A user flow for a library reading app.
A user flow for a library reading app.


Sketching a solution

In my early sketches for this redesign, I focused my revisions on page hierarchy and the iconography of the navigation bar. I wanted to maintain the original app's branding but improve the interface's efficiency and adherence to expected design standards.
An illustration of two hands sketching out logistics.

Making the design digital

Keeping learnability in mind, I turned to Figma to digitize my initial designs. I focused on providing a broader visual overview of books and replaced "tags" with pre-established lists that typical readers track with the ability to create more personalized lists as desired. I also reorganized the navigation iconography by importance and added labeling to these navigational tabs.
Wireframes for a list function of a library reading app.
Wireframes for the search results of a library reading application.
I added key features, providing access to ratings and reviews and the ability to request titles to be added to their library’s catalog.

Time for a test run

I used my wireframes to create my first mid-fidelity prototype and completed usability testing with 5 target users. From these tests, I found that:
Usability test results for a library reading app.

4 Users
were confused by the lack of action feedback on the "add to list" function

2 users
missed the "not in library inventory" label when first viewing search results

1 user
was confused as to where account notifications were housed


Applying user feedback

With this feedback in mind, I adapted my initial designs to best meet user needs. I redesigned the add-to-list overlay to include a create new list action, save button, and confirmation overlay to ensure users understand their action is completed.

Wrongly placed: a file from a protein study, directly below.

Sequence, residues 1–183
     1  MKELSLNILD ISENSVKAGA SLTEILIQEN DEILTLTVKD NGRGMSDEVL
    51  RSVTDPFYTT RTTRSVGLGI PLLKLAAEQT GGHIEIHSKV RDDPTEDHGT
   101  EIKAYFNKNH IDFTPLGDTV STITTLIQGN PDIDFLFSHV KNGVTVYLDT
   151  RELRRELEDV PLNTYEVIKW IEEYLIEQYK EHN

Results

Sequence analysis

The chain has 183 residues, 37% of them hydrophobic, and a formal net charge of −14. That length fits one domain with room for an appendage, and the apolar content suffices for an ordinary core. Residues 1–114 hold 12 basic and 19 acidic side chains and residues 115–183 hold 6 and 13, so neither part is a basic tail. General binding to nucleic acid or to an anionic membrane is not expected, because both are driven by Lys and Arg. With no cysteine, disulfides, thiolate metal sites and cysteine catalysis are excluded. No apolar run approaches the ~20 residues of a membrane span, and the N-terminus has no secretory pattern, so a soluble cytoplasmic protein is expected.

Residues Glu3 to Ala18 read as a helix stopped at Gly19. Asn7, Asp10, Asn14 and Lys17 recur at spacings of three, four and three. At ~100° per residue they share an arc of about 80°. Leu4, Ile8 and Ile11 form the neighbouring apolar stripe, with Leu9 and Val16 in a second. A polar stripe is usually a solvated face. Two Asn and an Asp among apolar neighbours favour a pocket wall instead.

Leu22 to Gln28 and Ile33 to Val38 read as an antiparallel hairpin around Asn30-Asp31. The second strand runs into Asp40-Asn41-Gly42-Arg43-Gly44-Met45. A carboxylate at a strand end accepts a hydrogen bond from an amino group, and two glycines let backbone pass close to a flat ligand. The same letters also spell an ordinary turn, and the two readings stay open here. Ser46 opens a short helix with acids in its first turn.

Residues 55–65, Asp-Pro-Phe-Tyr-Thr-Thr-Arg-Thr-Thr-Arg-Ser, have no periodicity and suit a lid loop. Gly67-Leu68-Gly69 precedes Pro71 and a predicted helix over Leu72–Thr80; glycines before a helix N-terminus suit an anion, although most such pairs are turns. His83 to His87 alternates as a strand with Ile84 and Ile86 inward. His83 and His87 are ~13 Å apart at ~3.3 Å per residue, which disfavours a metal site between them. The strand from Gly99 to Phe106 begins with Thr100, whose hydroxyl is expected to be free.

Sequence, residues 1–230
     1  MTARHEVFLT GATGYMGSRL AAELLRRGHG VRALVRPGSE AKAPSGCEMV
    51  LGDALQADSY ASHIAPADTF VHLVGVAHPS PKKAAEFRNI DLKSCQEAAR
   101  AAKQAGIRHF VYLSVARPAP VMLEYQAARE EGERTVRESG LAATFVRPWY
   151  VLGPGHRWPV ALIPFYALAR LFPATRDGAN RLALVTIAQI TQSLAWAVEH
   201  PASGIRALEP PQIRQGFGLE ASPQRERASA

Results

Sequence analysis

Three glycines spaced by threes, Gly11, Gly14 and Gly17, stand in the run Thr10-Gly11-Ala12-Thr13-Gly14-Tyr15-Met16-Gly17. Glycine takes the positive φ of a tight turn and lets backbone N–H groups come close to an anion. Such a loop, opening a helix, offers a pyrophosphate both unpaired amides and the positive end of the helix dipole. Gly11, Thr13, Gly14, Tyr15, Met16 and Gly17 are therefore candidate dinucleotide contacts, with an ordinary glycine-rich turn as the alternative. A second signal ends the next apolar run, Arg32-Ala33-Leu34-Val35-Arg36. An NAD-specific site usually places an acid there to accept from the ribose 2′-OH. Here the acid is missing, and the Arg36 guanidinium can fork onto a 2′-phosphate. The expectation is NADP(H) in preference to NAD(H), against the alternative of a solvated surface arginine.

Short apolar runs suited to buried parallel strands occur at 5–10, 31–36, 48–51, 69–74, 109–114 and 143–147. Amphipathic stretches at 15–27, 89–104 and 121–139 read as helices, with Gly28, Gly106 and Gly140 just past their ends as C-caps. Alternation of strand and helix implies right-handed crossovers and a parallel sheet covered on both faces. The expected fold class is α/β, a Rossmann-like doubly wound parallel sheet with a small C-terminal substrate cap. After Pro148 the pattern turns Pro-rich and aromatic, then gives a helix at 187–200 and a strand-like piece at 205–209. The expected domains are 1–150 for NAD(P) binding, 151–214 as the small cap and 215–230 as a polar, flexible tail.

Changes to a list overlay for a library reading app.
I also added a notification button and re-prioritized the home page to ensure users are aware of where their notifications are upon app launch and certain of the purpose of the page.
Changes to the homepage for a library reading app.
I differentiated the “not in library inventory” notification from other action items.
Noticition changes for a library reading app.
I changed the interaction on the "my books" and "my lists" pages to reduce friction witnessed in testing. Instead of redirecting to three separate pages, tab sections are implemented allowing users to switch seamlessly between views.
Changes for a shelf page on a library reading app.

Designed for success

I successfully revised the mobile app experience of Libby by improving the: global navigation, page hierarchy, and organization of saved books. Additionally, I provided users with access to both necessary and desired features by including personalized recommendation options, the ability to request titles from their library, and access to a rating and review system. These improvements resulted in an increased System Usability Scale Score, taking Libby from 45 to 95.
Revised library reading app screen designs.


Time to reflect

I’m proud of how I was able to integrate the current branding, color, and typography while still making the needed improvements. The current Libby app interface was initially a bit overwhelming. Ultimately, I let the research guide me and was able to manage stress by focusing key improvements rather than adjusting every little thing. I was really confident of my redesign going into usability testing, and there were still errors! That just shows that interacting with users and user testing is so essential. I learned that I am super willing to take constructive feedback and use it to my advantage to improve the product and experience.
An illustration of a character on stairs with a pencil drawing her path upward.

Check out my other work